Dropped weight following the season after playing closer to 330 pounds as a junior.
Must prove he can handle quickness better and keep defenders from crossing his face to stay on the left side in the pros. Could warrant looks inside."
Despite a nagging shoulder injury that eventually required surgery after last season, Reynolds only gave up one sack, according to the university. Reynolds has been a starter nice his freshman season where he started 13 games.
Although Reynolds has been a left tackle throughout his career, he may be best suited in the NFL on the right side. Reynolds' game is similar to that of Levi Brown of the Arizona Cardinals. Like Brown, Reynolds has started a lot in college, has a big frame and a lot of strength.
Also like Brown, Reynolds projects to the right side because he's not the quickest lineman working to the outside. There's not a lot of explosion to Reynolds' game, but when he can anchor, he's very good.
Bold Prediction: Offseason workouts and all-star games are going to negatively affect Reynolds' draft stock.
Games Viewed: (All 2010) Washington, Florida State, Utah, UTEP
• Has a body that's ready for the NFL right now. Is big in his upper body and Reynolds nows how to use his strength against power rushers.
• Will sometimes get high in his stance but generally plays with good knee bend to get power off the snap.
• Maintains a good stance and doesn't get knocked off balance easily.
• Where Reynolds struggles is getting to the edge in pass protection. He's a step slow and while that may be good enough at BYU, it will hurt him in the pros.
• Is much better when playing in a contained space instead of having to work a large area. Because of that, Reynolds may also have a future as an NFL guard.
• His arm measurements will be interesting and be one of the ultimate factors in where he gets drafted.
• Struggled at times in 2010 because of a lingering shoulder injury. The injury forced him to wear a should harness for part of the season. Still, Reynolds reportedly only allowed a single sack as a junior.
• Even following surgery, Reynolds' shoulder will face much scrutiny by NFL medical teams. He told the Deseret News that it "slipped out a couple of times" during the season."
Physically dominating drive blocker who engulfs defenders at the point of attack; has long arms and decent short-area quickness; also plays with a bit of mean streak; also gets good arm extension protecting the pocket and is a long way around,
But lacks the athletic feet to figure as a LT in the NFL so will have to switch to the right side or OG; son of a coach, is a rock-solid citizen who is married with a daughter; also a good student, but will be 25 when he finally gets to a pro camp after doing a church mission."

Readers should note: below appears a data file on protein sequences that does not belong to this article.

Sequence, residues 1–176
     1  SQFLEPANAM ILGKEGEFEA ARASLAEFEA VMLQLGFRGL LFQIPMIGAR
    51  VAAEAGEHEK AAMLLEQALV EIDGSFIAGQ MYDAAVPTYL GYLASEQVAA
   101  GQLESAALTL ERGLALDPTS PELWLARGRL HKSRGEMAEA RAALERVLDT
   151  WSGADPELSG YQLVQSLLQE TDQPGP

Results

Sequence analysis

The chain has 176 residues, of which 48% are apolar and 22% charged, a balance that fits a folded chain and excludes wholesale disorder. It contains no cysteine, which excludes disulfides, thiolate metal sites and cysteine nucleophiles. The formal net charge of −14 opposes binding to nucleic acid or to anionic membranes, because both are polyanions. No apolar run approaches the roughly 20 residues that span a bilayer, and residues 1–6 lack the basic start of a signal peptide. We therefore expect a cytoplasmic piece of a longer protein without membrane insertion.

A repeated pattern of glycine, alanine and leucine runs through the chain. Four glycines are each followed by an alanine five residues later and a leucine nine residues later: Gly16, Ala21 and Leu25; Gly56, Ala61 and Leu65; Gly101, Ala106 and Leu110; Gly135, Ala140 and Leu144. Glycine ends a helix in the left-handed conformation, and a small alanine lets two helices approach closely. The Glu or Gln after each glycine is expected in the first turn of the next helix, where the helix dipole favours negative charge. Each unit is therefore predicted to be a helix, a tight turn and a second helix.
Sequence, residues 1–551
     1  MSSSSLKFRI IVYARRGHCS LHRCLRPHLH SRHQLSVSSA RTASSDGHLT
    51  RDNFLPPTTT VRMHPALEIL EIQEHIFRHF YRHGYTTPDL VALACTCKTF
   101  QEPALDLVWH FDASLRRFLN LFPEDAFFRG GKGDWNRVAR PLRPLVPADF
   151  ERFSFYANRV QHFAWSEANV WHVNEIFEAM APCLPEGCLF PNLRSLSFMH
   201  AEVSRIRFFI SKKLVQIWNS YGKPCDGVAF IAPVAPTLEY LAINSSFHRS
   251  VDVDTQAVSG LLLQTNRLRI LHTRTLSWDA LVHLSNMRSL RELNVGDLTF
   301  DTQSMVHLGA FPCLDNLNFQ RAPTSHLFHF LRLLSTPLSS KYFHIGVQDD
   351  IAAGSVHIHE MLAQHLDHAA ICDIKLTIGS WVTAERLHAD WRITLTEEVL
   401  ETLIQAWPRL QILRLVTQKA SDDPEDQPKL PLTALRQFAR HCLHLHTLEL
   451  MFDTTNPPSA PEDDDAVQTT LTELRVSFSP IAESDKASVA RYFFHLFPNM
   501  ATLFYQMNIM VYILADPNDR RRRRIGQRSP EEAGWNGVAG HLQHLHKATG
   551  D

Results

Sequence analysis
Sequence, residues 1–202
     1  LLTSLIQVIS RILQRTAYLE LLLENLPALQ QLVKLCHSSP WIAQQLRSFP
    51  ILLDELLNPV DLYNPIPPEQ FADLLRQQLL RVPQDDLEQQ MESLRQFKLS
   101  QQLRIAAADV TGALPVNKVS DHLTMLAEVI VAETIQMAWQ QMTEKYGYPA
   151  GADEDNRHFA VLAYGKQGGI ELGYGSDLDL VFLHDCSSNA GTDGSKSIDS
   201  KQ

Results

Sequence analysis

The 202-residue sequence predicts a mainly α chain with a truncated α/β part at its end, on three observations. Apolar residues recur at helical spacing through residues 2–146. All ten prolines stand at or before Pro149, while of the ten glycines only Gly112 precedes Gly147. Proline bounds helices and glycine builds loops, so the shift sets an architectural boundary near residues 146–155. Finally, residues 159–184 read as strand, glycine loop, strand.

Negatives: Can be a bit of a leaner on the move... Doesn't explode into second level blocks but rather just pushes through them... Can be beat by speed... Lateral movement and backpedal gets hurried and awkward versus speed rushers... Inconsistent kick slide, initial kick step can get too wide... Can struggle with quick inside countermoves... Struggles staying in front of quicker pass rushers, lacks the footwork of a blindside Tackle... Best fit is probably at Right Tackle, similar to Cowboy RT Marc Columbo."
Furthermore, Reynolds is far from an intimidating run blockin presence. He often entered his blocks too high and had a tendency to wall off defenders instead of driving them.
An added bonus is seeing the tackle’s versatility on a down by down basis since the Cougars now employ strength calls for their offensive line.
Reynolds can hold down left tackle but may eventually be best suited to right tackle. His style of play is very reminiscent of former second rounder and current starter at Jacksonville, Eben Britton."
At 6’6” and 329 pounds Reynolds has prototypical size for a left tackle, which shouldn’t come as a big surprise considering his pedigree. His father Lance was also a lineman at BYU before moving on to the NFL and is currently coaching at the Mormon school. This has contributed to the younger Reynolds’ development, as the underclassman is advanced in his blocking technique well beyond his years. The gifted tackle takes good angles to neutralize pass rushers trying to get by him off the edge, he adjusts well to the pass-rusher’s moves and uses his long arms to keep his opponent at bay. He is also blessed with the lateral mobility that allows him to mirror most pass rushers, however he can have trouble when backpedaling against speedier defenders, which is why some believe he may be better suited to play on the right side of the line at the next level. In the running game, Reynolds does an exceptions job of keeping his feet moving once engaged with blockers. The Provo native is also physical and tough as nails; Reynolds fractured his left hands in the pre-season and did not miss a beat as a sophomore.
This Cougar is a mountain of an offensive tackle, standing at 6’6” and approximately 330 pounds; it’s often difficult to make out the defensive lineman lining up against him due to the size of Reynolds’ shadow. The soon-to-be junior out of BYU combines impressive strength, size, attitude, athleticism and punch to maul opposing linemen. Reynolds’ punch might be his best attribute—it’s violent and jarring; when linemen come out of their stances Reynolds’ initial contact is so jarring it can knock them off balance, allowing the left tackle to easily control them. Reynolds also explodes off the snap, ready to do damage in an instant as his hips generate an impressive amount of power.
His long arms and big hands allow him to lead when he dances with most defenders; once he engages his opponent, it’s lights out most of the time. That lack of fleetness of foot and his tendency to get sloppy in his footwork make him vulnerable to speed rushers coming from the outside. While his run blocking his ahead of his of pass blocking at this point in time and his footwork needs to be coached up, his potential is enormous. Reynolds could a first round pick should he decide to declare following his junior season."